Stocks on August 3, 2018: outlook


*These are my discretionary thoughts on the market. My Medium-Long Term model determines my trades. Go to the homepage for my latest market outlook.
The economy and stock market move in the same direction in the medium-long term. Hence, leading economic indicators are also leading indicators for the stock market.

Thoughts

  1. Apple has reached a $1 trillion market cap. NOT a sign of excess stock market speculation.
  2. The stock market is starting to ignore the trade war news. A sign of bullish price action.
  3. Gartman has now turned bearish on the U.S. stock market. You know what that means 😉
  4. The 10 year Treasury yield has once again reached 3%. And right on cue, the bears are “afraid” that rising interest rates will kill the stock market.
  5. Initial Claims are still trending lower. A medium-long term bullish sign for the stock market and economy.
  6. Continued Claims are still trending lower. A medium-long term bullish sign for the stock market and economy.

Read: Study: the stock market’s “buy the dip” mentality is bullish for stocks
1 am: Apple has reached a $1 trillion market cap. NOT a sign of excess stock market speculation.
Apple is now officially valued at $1 trillion, leading many (particularly the permabear crowd) to cry “stock market bubble!”
This is a ridiculous assertion. For starters, the nominal value of market cap means nothing because this figure ALWAYS goes higher over time thanks to inflation. A $100 billion company 50 years ago = a $1 trillion company today. A $1 trillion company will equal a $10 trillion company in 50 years. Nominal records are made to be broken simply due to inflation.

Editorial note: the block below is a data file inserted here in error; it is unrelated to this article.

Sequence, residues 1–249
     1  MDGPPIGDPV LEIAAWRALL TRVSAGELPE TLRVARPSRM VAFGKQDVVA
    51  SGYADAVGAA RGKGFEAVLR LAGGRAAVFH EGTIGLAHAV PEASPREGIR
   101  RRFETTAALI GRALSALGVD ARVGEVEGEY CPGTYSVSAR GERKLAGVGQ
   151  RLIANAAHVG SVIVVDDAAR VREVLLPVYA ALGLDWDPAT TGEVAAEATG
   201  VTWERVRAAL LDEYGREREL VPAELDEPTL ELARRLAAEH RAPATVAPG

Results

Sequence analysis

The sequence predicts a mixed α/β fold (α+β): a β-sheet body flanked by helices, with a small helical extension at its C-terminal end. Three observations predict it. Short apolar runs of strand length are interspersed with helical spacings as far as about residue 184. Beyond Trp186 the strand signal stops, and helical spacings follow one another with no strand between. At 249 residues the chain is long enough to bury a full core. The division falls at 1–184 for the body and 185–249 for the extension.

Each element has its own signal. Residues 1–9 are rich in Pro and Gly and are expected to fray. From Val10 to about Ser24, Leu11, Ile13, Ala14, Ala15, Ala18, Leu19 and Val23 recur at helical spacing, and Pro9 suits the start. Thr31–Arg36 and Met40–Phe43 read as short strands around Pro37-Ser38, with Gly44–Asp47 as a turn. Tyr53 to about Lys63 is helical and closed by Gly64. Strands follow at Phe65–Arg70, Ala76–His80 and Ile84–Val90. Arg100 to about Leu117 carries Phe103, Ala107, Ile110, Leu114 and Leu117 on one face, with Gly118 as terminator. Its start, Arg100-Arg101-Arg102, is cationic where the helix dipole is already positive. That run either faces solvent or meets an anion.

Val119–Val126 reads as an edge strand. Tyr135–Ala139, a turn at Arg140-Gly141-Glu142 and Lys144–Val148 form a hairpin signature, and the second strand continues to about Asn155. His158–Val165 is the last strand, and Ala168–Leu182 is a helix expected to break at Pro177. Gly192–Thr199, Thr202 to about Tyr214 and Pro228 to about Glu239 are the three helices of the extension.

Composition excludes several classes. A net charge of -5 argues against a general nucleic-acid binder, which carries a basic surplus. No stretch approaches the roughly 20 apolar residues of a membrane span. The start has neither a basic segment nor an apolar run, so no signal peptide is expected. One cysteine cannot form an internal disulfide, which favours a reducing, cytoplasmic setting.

More importantly, a company’s market cap tells you NOTHING about how overvalued/undervalued a company is. Here’s the simple fact: companies that make more money tend to have larger market caps, and companies that make less money tend to have smaller market caps.
In other words, the more money you make, the more you’re worth.
Apple has a $1 trillion market cap simply because it makes so much money. Apple has a P/E ratio of 18, which is barely greater than the S&P 500’s long term average P/E of 15.
In comparison, the S&P 500’s P/E ratio is 24 right now, which means that Apple is actually “cheaper” than the rest of the stock market right now. Apple reaching $1 trillion is not a sign of “exuberant speculation”. Here’s a funny but very true tweet.

1 am: The stock market is starting to ignore the trade war news. A sign of bullish price action.